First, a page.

Also, one thing about the West Coast Trail that I didn't anticipate before was that it seems to be quite expensive. From what I know you pay at least 100$ for park permits and tickets for the small ferries plus another 60$ and 80$ for the Bus from Victoria to trail start and trail end to Victoria again. Over 240$ just to get on the trail is quite a lot! What do you think are the chances of hitchhiking from Victoria to the trail and back?

From what I can tell there are not too many busses in Banff and Jasper either. But I would think the region is more frequented and it is easy to hitchhike. Do you or does anyone else have experience on this? Thanks!

2:45 a.m. on June 25, 2011 (EDT)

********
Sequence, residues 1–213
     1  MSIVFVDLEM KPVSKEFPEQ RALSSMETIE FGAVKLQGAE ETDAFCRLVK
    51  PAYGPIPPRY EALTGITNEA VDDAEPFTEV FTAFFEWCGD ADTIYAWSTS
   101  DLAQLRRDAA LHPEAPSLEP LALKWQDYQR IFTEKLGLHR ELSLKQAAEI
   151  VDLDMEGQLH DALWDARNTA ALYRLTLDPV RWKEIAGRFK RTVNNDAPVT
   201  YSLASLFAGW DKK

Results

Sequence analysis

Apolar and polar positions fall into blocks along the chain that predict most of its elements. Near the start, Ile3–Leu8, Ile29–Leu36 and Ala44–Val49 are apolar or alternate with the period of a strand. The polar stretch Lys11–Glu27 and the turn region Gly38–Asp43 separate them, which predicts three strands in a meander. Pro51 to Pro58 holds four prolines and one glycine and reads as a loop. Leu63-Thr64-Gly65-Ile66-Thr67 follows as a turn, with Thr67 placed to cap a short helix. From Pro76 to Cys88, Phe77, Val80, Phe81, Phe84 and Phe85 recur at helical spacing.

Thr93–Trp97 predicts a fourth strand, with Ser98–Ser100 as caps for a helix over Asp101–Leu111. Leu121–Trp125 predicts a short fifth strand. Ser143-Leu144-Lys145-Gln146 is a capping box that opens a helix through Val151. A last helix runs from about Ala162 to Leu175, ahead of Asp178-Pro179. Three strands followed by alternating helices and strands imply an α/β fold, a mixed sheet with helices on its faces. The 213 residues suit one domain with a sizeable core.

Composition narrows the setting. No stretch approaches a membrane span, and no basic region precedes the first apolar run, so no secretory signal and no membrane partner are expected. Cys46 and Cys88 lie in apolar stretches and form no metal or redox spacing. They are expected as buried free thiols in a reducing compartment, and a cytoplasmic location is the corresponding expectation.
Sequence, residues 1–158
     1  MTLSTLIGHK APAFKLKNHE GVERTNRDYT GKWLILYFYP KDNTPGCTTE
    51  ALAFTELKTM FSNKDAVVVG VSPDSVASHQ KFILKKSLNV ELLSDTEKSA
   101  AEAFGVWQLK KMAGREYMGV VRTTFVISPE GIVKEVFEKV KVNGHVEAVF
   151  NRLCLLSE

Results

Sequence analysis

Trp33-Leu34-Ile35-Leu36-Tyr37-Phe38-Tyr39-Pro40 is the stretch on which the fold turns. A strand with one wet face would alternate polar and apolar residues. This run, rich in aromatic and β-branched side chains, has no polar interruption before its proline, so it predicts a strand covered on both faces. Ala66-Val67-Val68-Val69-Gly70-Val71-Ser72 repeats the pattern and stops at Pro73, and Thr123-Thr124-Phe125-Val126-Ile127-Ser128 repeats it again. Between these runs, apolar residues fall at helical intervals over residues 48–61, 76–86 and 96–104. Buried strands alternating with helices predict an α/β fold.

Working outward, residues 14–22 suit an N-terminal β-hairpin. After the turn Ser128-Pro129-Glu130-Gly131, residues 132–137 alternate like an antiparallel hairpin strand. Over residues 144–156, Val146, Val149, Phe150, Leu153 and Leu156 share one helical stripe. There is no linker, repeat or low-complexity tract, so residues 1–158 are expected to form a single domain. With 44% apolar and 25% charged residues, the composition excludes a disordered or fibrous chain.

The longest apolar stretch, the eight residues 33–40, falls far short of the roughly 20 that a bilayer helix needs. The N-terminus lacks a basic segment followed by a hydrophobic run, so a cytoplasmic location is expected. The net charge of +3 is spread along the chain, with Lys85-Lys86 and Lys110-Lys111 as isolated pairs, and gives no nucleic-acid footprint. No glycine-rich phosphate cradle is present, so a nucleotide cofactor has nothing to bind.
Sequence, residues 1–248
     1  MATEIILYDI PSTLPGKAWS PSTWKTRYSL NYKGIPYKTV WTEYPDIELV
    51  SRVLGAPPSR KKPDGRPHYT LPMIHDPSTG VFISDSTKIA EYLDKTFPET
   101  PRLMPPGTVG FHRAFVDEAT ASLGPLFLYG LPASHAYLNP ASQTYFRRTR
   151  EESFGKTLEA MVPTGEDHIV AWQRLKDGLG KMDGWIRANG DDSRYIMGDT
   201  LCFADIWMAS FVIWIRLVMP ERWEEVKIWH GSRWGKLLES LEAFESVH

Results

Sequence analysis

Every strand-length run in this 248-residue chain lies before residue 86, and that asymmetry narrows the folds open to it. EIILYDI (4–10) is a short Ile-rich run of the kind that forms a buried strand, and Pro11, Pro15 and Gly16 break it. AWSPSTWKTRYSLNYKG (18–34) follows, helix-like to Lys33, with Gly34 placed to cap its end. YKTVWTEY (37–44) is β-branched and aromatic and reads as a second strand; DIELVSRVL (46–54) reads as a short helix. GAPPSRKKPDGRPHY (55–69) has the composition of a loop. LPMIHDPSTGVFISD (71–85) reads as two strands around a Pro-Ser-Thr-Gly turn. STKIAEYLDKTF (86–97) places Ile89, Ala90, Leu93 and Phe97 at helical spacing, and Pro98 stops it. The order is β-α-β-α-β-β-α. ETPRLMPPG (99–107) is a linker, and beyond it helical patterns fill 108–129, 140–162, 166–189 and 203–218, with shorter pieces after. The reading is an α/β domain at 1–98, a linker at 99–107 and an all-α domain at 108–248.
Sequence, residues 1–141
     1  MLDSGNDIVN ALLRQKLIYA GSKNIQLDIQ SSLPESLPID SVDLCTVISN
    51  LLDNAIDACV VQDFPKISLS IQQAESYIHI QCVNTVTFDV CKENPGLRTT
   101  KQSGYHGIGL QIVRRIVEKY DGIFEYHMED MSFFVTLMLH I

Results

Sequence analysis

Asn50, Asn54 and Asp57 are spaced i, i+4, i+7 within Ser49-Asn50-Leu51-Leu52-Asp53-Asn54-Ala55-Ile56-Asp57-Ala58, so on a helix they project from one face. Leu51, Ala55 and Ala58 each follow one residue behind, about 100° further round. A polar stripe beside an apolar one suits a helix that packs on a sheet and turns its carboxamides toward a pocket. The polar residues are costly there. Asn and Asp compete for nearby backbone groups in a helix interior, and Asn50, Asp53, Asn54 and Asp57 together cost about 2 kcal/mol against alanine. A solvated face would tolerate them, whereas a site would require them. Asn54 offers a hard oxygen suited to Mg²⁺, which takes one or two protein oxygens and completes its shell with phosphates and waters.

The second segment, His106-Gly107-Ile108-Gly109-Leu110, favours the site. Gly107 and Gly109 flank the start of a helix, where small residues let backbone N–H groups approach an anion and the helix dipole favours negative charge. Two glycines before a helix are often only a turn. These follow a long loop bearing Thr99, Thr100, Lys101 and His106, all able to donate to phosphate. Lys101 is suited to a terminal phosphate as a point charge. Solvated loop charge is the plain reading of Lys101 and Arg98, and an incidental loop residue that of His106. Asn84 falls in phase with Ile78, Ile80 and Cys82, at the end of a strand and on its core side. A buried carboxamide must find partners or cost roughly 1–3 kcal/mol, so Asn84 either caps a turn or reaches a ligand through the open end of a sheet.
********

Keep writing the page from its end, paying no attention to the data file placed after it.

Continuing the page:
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Hi

I think that the major problem with hiking alone is the fact that you can have physical problem (twist your ankle,...) and if you hike in a remote place, a less travelled trail, you can remain one day or more stuck without seeing anyone.

I hiked a lot in Jasper and Banff and Northern BC (stone moutain and muncho lake area, muskwa kechika eastern aera).

From Mid June to mid september, banff, lake louise and jasper trails are highly frequented, kind of "highway hiking".

But It's wonderful, great scenery !!!

I never tried hitch hiking in these areas.

I hitch hiked in northern BC along the Alaska Highway, between whitehorse and haines junction and to the trailhead of the above mentionned trails/routes in Kluane NP. It was in July and August.

It's not a problem, I did not wait for more than 30 minutes to an hour

even at 7am or 8pm so I think that hitch hiking around jasper could be easy.

One trail I recommend you is the Berg Lake trail in Mt Robson Park west of Jasper: This trail all the way up to the Glacier (and to the passes you can find around) is one of the best hike I did in my life.